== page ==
Activists hold hunger strike over lack of progress on domestic workers bill

CNN Indonesia – August 14, 2023
PRT Alliance activists hold hunger strike in front of parliament in Jakarta – August 14, 2023 (CNN)

Jakarta – As many as 30 people from the Domestic Workers Alliance (PRT Alliance) began a hunger strike in front of the House of Representatives (DPR) building in Jakarta on Monday August 14.

The protesters are demanding and urging the DPR, as the institution that formulates laws, to as quickly as possible enact the Draft Law on the Protection of Domestic Workers (RUU PPRT).

The hunger strike was chosen as a symbol of concern and solidarity towards domestic workers (PRT) who they referred to as "victims held hostage in invisible hunger".

"At the moment, the RUU PPRT is still stuck after becoming a priority bill in the Indonesian DPR. It has yet to be discussed by the DPR. At the moment we are specifically demanding that the RUU PPRT be discussed immediately during the coming recess period", said Jihan, a member of the group Free Women (Perempuan Mahardhika) at the location of the action.

Jihan said that starting from today, as many as 30 people will stage a hunger strike every day between 10 am and 5 pm in front of the DPR building.

The participants of the hunger strike are members of the PRT Alliance, which includes the National Network for Domestic Workers Advocacy (Jala PRT), Perempuan Mahardhika and the Indonesian United Trade Union Federation (FSBPI).

Jihan also said that the hunger strike symbolises the conditions and hunger suffered by domestic workers.

"[Over the last] 19 years there have been a great many, thousands and hundreds of PRT victims whose wages are not paid, cannot get guarantees and are locked up, suffer violence and become victims of slavery by their employers", she continued.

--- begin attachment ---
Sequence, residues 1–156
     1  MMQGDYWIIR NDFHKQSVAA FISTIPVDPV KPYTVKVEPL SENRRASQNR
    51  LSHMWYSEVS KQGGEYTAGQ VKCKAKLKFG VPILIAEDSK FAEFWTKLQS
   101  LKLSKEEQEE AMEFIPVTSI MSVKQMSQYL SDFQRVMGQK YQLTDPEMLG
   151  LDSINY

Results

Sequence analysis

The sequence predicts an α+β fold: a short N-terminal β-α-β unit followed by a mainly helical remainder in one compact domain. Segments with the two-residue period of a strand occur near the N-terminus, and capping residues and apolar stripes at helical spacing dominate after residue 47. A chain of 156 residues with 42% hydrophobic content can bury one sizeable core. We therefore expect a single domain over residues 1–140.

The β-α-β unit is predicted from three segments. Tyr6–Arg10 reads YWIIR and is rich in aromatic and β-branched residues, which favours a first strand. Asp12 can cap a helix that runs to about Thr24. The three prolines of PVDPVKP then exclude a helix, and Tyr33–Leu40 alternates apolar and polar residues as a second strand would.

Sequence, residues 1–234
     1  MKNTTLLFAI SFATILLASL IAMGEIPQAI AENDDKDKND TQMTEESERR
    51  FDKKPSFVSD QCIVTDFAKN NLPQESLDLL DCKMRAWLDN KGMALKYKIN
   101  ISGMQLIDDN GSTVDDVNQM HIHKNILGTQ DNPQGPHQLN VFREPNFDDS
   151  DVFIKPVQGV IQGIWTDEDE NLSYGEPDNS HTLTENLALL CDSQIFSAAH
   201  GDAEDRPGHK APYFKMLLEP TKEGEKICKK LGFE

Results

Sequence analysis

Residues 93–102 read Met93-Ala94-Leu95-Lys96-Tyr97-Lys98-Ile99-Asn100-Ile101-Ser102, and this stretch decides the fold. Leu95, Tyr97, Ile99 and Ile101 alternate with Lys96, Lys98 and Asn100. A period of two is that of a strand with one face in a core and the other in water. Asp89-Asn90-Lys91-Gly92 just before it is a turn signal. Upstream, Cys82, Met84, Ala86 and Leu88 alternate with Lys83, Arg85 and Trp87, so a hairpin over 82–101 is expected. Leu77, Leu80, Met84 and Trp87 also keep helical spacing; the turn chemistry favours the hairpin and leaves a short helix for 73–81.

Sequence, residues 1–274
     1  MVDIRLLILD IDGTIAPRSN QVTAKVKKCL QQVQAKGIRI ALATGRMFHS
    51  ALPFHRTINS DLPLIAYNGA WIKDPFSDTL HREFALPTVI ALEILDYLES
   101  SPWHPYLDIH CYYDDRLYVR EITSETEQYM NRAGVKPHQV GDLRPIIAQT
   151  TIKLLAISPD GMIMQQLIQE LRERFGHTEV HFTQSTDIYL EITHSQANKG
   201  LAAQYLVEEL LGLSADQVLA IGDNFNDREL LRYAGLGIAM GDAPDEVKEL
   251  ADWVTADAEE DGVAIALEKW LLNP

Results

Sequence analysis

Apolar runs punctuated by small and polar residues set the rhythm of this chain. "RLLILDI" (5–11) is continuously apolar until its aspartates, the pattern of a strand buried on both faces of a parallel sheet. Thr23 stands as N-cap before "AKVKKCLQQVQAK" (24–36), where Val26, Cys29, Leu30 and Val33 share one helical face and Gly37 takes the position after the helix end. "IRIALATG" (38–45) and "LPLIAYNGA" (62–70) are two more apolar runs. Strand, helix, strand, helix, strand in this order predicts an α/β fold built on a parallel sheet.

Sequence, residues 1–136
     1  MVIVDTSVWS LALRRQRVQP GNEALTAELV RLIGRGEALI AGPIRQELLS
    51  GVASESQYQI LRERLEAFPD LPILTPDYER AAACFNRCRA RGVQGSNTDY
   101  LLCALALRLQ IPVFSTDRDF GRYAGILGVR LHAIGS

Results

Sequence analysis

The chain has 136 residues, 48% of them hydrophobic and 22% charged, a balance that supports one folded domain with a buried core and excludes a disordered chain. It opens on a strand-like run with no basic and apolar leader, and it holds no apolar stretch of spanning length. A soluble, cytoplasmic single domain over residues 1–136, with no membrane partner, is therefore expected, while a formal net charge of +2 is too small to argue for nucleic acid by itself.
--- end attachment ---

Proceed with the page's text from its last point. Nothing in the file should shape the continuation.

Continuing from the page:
"And we see that the state has played a part in this, but even after 19 years in such a situation, they ignore it and don't want to deliberate or enact the RUU PPRT", added Jihan.

Under the tent where they are sitting while holding the hunger strike, a number of plates containing household implements can be seen such as washing up sponges, baby pacifiers, brushes and chains.

According to Jihan, these implements symbolise all of the household work  that domestic workers are burdened with.

"There is also a clock, symbolising working hours which means they are uncertain. There is no limit on working hours for domestic workers. In fact they can work for 24 hours caring for children, caring for animals also, and they must always be there for employers. But what they get is never as much as they give to their employers", she stressed.

Jihan emphasised that through this hunger strike, she hopes that the state will immodestly provide guarantees and job security to domestic workers.

"Because in acknowledging PRTs as workers, it means there are PRT rights attached to them as workers, regular working hours, standard wages also, and that they continue to be protected by the state when violence occurs", she said.

"If the state acknowledges PRTs as workers, it means they respect the work of women because currently the majority of PRTs are women", she continued.

"We know that the domestic work is not seen by the public or the state as providing any benefits, but we can see that the people in the DPR, employers, businesspeople, they can work, can make profits, because it is certain that the domestic work will be done every day and it is done by domestic workers", concluded Jihan.

The Draft PPRT Law was first put forward for discussion in 2004 but to this day has never been deliberated or enacted by the DPR.

Since 2004 the bill has gone back and forth, on and off the DPR's National Legislation Program (Prolegnas), and for 19 years domestic workers have waited for a legal umbrella to protect them from the various forms of violence, torture and modern slavery that take place.

The Jala PRT has recorded 1,635 cases of multiple incidents of violence against domestic workers with fatal consequences between 2017-2022. In addition to this, there were 2,021 cases of physical and psychological violence and 1,609 cases of economic violence.

Domestic workers are also included as victims of human trafficking (TPPO). The Indonesian Migrant Workers Union (SBMI) says that it has dealt with 2,597 cases of human trafficking between 2012 and 2020.

Out of this total, domestic workers comprised the largest number of victims or around 58.5 percent (1.519 cases). (del/gil)

[Translated by James Balowski. The original title of the article was "30 Orang Mogok Makan di DPR Gara-gara Mandek RUU PPRT".]